Last December’s climate change conference in Paris (COP21) saw governments from 195 countries approve a global climate deal – also known as The Paris Agreement – which sets out a series of unprecedented financial, technical, and legal principles that will govern greenhouse gas emission reduction efforts.
Of course, critics argue the efforts may not go far enough, and question whether the aim to reduce global temperature by two degrees is realistically achievable. The same critics also say that while the agreement itself may be legally binding, its emission reduction pledges are not.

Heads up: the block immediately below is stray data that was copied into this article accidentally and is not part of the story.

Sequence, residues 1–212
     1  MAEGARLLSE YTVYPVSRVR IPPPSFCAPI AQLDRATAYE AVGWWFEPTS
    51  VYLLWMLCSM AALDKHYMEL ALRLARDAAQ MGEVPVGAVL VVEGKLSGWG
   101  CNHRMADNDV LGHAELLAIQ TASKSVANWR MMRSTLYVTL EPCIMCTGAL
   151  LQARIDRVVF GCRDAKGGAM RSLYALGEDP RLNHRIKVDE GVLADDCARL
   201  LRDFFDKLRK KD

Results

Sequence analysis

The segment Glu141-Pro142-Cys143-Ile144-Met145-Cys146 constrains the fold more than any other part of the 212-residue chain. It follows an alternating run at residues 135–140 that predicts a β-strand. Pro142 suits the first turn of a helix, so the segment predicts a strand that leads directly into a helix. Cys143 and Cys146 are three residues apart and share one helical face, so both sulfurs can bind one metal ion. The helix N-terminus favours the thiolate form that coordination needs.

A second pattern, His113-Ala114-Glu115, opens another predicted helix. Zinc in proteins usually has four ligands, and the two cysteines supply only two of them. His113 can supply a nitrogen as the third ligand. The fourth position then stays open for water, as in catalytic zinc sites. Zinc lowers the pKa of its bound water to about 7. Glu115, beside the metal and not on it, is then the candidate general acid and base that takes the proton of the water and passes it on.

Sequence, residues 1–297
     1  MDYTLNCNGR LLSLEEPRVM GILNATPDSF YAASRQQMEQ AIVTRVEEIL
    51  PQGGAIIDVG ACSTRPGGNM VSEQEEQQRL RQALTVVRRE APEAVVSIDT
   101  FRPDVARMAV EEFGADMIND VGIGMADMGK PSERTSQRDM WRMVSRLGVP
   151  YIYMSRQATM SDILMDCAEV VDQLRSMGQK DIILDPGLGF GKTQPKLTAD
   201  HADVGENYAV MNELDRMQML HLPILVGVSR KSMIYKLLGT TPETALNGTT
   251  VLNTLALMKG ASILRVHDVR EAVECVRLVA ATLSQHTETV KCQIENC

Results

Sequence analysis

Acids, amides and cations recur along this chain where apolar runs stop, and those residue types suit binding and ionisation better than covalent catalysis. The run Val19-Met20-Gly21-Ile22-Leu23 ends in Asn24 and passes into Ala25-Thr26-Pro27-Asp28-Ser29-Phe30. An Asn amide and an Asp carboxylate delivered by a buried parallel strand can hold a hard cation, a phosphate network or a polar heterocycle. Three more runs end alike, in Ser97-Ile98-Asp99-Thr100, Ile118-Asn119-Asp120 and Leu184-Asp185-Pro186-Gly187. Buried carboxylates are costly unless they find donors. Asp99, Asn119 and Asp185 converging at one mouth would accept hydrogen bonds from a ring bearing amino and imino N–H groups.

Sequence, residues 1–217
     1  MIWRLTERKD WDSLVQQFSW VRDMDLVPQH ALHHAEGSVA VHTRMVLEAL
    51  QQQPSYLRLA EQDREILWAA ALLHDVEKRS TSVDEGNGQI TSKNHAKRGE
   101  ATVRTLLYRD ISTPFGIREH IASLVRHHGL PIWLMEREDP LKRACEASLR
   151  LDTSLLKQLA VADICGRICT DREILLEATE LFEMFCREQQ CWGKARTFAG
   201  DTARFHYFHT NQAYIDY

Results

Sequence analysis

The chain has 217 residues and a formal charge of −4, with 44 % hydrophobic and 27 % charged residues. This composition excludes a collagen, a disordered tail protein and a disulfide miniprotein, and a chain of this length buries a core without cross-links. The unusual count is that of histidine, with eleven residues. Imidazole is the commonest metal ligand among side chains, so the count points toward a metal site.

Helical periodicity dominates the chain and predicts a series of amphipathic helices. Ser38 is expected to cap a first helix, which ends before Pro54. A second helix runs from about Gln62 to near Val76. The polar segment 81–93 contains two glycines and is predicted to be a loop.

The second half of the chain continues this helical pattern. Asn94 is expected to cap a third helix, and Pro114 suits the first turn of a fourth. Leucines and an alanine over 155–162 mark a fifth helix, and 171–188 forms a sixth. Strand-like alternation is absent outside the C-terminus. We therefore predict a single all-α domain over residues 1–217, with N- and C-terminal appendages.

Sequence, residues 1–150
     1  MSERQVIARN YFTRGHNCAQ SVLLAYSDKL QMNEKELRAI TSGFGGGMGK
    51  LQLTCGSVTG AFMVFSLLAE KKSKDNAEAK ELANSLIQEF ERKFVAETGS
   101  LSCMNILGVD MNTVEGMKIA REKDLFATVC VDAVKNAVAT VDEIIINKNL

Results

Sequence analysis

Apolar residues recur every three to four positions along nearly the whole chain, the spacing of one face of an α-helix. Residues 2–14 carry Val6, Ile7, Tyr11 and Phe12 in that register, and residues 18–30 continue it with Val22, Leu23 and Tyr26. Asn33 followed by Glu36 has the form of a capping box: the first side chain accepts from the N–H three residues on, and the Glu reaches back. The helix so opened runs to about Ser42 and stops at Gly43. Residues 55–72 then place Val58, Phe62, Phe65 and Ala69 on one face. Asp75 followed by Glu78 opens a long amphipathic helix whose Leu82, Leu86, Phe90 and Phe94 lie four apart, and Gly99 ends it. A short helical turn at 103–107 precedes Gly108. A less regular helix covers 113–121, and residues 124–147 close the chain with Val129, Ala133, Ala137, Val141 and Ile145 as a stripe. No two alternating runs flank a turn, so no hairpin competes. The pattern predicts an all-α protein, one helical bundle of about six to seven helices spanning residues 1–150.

At the conference was Michael Wilkins, Managing Director of Infrastructure Ratings and Head of Environmental & Climate Research at Standard & Poor’s, who explores the implications of the agreement in a new report. He focuses on the key industries affected (notably carbon-intensive sectors), while analysing the ramifications for the green finance market and highlighting the financial priorities needed to further incentivise the inevitable energy transition. Wilkins highlights that targets submitted at COP21 alone require an estimated $16.5 trillion of investment over the next 15 years – but the question is, who will foot the bill?